With government-enforced lockdowns around the world due to COVID-19, now is as good a time as ever to binge watch some anime. Post-apocalyptic anime, in particular, mirror the times we’re living in with themes centered around the nature of humanity and fragility of human society.
Many people are drawn to the post-apocalyptic genre, not because they love scary stories, but because of the unique form of escapism the genre offers. After all, an apocalypse is the only scenario where people are free of societal expectations, laws, and rules.
Go ahead and lose yourself in one of these post-apocalyptic anime while you’re at home practicing social distancing.
1. Gantz: O
Highly-acclaimed manga series, Gantz has spawned an anime adaptation, three films, and a video game. Gantz: O is the CGI anime film based on the Osaka Arc of the original manga.
The film follows Kato, a high school boy who lives alone with his younger brother. On the way home, he hears reports of strange creatures attacking people in Tokyo. At the train platform, Kato sees an old man being attacked by an armed assailant. When everyone else runs away, Kato charges in and gets stabbed during the altercation.
The monsters are grotesque and the action scenes are incredibly thrilling.
He later wakes up in a mysterious apartment surrounded by strangers who break the news to him—he’s dead. Not only is he dead, but he must participate in a survival game to rid Japan of the mysterious creatures invading Tokyo and Osaka.
Akin to Final Fantasy VII: Advent Children, the art in Gantz: O is incredibly beautiful and you should watch the film just to see the amazing CGI they were able to pull off. The monsters are grotesque and the action scenes are incredibly thrilling. For those who enjoyed films like Battle Royale or The Hunger Games, Gantz: O will be right up your alley.
- Genres: Action, horror, apocalypse, sci-fi
2. Highschool of the Dead
Highschool of the Dead is a must-see anime for fans of the zombie genre. The anime follows a ragtag group of high school students in Tokyo, trying to survive the zombie plague and get back to their families. It does a good job of playing into classic zombie genre tropes while presenting deeper themes of fear and the loss of hope.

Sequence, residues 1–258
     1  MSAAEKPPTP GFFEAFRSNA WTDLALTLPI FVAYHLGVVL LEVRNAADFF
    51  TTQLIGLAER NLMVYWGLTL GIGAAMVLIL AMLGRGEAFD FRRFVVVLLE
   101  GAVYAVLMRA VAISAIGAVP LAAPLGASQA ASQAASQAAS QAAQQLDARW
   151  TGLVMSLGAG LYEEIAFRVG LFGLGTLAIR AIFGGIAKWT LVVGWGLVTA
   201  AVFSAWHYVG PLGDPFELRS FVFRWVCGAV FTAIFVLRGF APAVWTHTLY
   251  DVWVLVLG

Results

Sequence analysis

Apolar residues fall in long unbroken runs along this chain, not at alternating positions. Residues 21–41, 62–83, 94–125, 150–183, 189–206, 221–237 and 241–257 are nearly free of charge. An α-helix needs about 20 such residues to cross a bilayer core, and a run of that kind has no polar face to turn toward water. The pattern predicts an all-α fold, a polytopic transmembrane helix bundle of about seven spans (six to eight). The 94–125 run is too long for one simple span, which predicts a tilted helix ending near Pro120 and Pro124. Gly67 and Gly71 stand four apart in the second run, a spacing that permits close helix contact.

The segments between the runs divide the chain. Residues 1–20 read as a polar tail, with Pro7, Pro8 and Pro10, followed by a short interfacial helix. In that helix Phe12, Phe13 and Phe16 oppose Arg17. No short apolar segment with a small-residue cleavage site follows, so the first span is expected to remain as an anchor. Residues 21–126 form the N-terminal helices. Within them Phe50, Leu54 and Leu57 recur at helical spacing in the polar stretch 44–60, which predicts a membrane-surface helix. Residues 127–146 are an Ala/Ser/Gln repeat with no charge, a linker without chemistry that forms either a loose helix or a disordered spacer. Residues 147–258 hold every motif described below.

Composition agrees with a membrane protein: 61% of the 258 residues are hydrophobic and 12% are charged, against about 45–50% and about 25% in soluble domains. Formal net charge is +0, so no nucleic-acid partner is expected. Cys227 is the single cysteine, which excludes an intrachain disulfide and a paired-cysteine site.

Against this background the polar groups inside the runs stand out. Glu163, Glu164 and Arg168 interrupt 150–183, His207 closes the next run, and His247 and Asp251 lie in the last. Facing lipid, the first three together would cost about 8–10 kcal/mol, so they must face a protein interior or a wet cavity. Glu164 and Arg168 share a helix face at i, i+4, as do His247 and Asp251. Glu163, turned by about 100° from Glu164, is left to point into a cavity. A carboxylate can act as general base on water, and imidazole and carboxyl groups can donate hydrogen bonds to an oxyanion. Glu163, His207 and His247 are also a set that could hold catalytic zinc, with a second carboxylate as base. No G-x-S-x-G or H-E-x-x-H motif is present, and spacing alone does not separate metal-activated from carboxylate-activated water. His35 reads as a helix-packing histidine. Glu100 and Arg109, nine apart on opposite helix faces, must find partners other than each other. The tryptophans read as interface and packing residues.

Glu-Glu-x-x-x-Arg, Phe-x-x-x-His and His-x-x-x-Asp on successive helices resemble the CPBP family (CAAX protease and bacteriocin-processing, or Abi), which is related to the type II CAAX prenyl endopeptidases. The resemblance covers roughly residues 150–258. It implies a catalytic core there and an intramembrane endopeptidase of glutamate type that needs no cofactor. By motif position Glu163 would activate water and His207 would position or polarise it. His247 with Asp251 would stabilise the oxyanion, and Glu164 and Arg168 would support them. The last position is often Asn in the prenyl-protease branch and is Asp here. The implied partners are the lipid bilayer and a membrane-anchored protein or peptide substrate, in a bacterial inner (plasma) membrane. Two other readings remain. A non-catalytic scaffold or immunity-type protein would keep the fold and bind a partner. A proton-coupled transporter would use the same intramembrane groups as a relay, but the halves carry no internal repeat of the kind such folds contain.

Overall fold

The anime was based on a manga of the same name by Daisuke Sato and lasts just 12 episodes—short enough to binge in a single day. Unfortunately, Sato passed away from a heart condition back in 2017, leaving no hope for a second season.
The only negative comment I have about Highschool of the Dead is the anime’s overuse of fan service (overly sexual scenes). If that’s something you look for, more power to you. However, these scenes often distract from the apocalypse story at the heart of the anime.
- Genres: Apocalypse, action, horror
3. Now and Then, Here and There
Produced in the late ’90s, Now and Then, Here and There employs a classic art style that still holds up to this day. The charming soundtrack helps set the scene of a young boy named Shuzo enjoying his youth, driving his parents crazy, and chasing after his crush in the middle of the Japanese summer.
One day Shuzo meets a mysterious blue-haired girl named Lala Ru. Time stops when Shuzo speaks to Lala Ru and strange people appear, trying to abduct her. In an attempt to rescue Lala Ru, Shuzo is transported with her to a post-apocalyptic wasteland completely devoid of water. Failing to escape her captors, Lala Ru gives Shuzo a blue pendant which holds the key to survival in this new desert world—water.
- Genres: Post-apocalyptic, science fiction
4. Attack on Titan
Attack on Titan is about the last surviving remnants of humanity after the majority of the human race was wiped out by large creatures known as titans. To survive, the remaining humans built massive walls hundreds of meters high around the last bit of land they had left. After years and years of peace, the titans became a myth, a nightmare of the past that most people had forgotten. That peace is broken when a titan larger than ever before knocks the wall down and hordes of titans swarm in, killing and eating everyone in their sight.
This is one of the few anime that can inspire true terror and fear without the use of jump scares. It blends classic shonen action elements with an incredibly dark and mature story.
- Genres: Action, dark fantasy, post-apocalyptic
Blame! is a cyberpunk CGI anime film released as a Netflix original. It’s based on the manga of the same name and is set in the distant future where humanity is nearing extinction. After years of progress, the AI and cyborgs that humanity created became infected with a virus causing them to spiral out of control. The militant cyborgs known as The Safeguard are tasked with hunting down the last human survivors.
Blame! is an action-packed and sometimes gory sci-fi film reminiscent of Blade Runner and The Terminator series.
The film follows a girl named Zuru who hopes to save her dwindling human tribe by searching for food in the ruins of the city. After many of her friends die in a battle with The Safeguard, Zuru is saved by a mysterious wanderer named Killy who believes he can regain control of the cybernetic network.
Blame! is an action-packed and sometimes gory sci-fi film reminiscent of Blade Runner and The Terminator series. Cyberpunk fans should definitely check it out.
- Genres: Action, cyberpunk, post-apocalyptic, sci-fi
Naturally, we couldn’t include every apocalyptic anime on this list, and we left out some already well-known titles, such as Tokyo Ghouls and the iconic Akira which predicted the Tokyo 2020 Olympics turmoils. Hopefully one of the anime on this list is scary enough to make you feel good about staying home during the coronavirus pandemic.
Let us know your favorite post-apocalyptic anime in the comments below. Most importantly, please stay home and stay safe!